Thanks for all your suggestions this week on the Jobseeker’s Allowance and how much you think it should be, as well as your ideas for improving the Job Centre system and training schemes. You raised many interesting points which I’ve been mulling over. I’ll let you know more about the petition plans soon. But, for now, back to my challenge to live on the equivalent of the Jobseeker’s Allowance or £60.50 a week.
If you recall, I mentioned last week that we had friends coming to stay last weekend – something that DJ in his wisdom had arranged months before. I was concerned about how this would eat into our budget. After DJ has covered the mortgage and council tax, and energy, phone and other bills have come out of the allowance, we only really have about £20 for the week’s shopping. Luckily for the challenge budget, our friends decided that they would only come for the afternoon, rather than stay the night. Like us, they keep chickens and there was nobody available to let the girls out in the morning.
So in the event, we only had to cook them one meal and they supplied the wine. We had a roast and, by skimping on the meat and using lots of side dishes, we made the chicken last us another couple of days. I boiled up the bones and made stock too, which we later used in a soup. After a week of not going out, our friends’ company was very welcome. But it’s clear that if you were a jobseeker for any period of time there is no way you could afford to go out or have anybody to stay. Some of you have pointed out that even if you get housing benefit and live alone, it tends to cover only one bedroom in your home and not two.
To save on the food budget, I went shopping on Monday afternoon after 5pm to try to take advantage of early evening price cuts. I was pleased to get 25 per cent off some cheese and some duck fillets were slashed to £1.99 as they were about to go off. I froze these and then defrosted them later and used them in the soup. I also made a chilli con carne which I feel like I’ve been eating all week. It did three meals for two of us, although I am a bit sick of it now. But despite my efforts, I only have £2 left of the week’s food budget.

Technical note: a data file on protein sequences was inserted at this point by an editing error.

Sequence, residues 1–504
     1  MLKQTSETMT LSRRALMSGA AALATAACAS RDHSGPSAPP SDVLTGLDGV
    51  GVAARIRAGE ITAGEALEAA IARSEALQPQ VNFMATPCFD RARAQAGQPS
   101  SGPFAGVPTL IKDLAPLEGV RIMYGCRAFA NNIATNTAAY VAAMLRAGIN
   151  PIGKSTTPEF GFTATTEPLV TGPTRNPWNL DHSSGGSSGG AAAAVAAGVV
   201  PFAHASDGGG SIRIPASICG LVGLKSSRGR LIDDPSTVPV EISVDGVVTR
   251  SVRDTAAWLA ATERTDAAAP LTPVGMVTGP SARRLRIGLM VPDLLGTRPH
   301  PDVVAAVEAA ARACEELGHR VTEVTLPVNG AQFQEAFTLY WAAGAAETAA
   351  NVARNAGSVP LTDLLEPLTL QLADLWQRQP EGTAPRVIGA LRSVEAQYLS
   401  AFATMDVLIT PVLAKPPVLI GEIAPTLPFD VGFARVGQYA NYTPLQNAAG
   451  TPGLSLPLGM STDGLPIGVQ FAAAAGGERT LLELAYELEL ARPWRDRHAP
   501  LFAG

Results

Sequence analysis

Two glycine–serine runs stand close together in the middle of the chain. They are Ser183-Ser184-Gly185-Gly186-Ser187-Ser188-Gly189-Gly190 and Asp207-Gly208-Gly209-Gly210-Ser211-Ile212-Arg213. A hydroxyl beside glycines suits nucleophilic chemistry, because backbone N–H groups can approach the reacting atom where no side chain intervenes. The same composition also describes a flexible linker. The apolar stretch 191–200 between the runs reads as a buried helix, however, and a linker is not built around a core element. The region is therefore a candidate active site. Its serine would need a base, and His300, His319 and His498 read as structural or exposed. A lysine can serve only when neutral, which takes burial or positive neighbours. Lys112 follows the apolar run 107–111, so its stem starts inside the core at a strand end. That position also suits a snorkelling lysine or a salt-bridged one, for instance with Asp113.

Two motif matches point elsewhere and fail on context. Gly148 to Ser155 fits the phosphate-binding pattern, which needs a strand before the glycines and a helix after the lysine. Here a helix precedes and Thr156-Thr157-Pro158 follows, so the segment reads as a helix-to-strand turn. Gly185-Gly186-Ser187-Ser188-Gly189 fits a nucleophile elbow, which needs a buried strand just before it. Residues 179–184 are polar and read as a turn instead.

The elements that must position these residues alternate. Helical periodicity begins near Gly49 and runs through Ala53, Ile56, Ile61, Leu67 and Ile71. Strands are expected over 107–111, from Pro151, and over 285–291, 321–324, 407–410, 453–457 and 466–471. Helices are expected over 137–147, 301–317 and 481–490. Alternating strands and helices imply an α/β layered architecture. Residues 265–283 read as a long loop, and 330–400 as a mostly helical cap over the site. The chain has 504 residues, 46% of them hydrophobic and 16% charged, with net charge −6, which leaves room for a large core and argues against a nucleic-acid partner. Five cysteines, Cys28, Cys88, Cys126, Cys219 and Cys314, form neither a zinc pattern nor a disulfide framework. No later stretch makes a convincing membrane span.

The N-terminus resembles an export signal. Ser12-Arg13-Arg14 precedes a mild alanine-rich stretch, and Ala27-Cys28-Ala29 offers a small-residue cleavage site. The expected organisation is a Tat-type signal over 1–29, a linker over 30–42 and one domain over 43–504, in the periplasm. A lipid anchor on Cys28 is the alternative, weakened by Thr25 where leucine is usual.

And despite trying to use up cupboard and freezer items, even over two weeks many stock items have simply run out and we’ve had to replace them – toilet roll, kitchen roll, cat food etc. It’s surprising how much these items eat into the shopping budget when you have to buy a few of them. Luckily I found four toilet rolls for 46p in Somerfield. On a longer term basis, buying in bulk from a pound shop might help. Unfortunately we don’t have much storage space at home, so we tend not to take advantage of this. The car’s petrol gauge is also nearing empty. I’ve been trying not to use it so I don’t have to fill it up. Filling up the tank costs about £30. If I were a real jobseeker I’d have to sell the car altogether, although I’d then have to rely on our expensive local bus service or trains to get to job interviews.
It’s only been two weeks, so of course this challenge doesn’t show the longer term effects of being out of work for months and months, not to mention the psychological effects. But even after this short period, I can’t see how it’s possible to survive on the Jobseeker’s Allowance for long. And that’s without any unexpected expenses, such as a leaky roof or something breaking down.
What do you do when you’re on the Jobseeker’s Allowance and an unexpected expense comes along? How do you cope?
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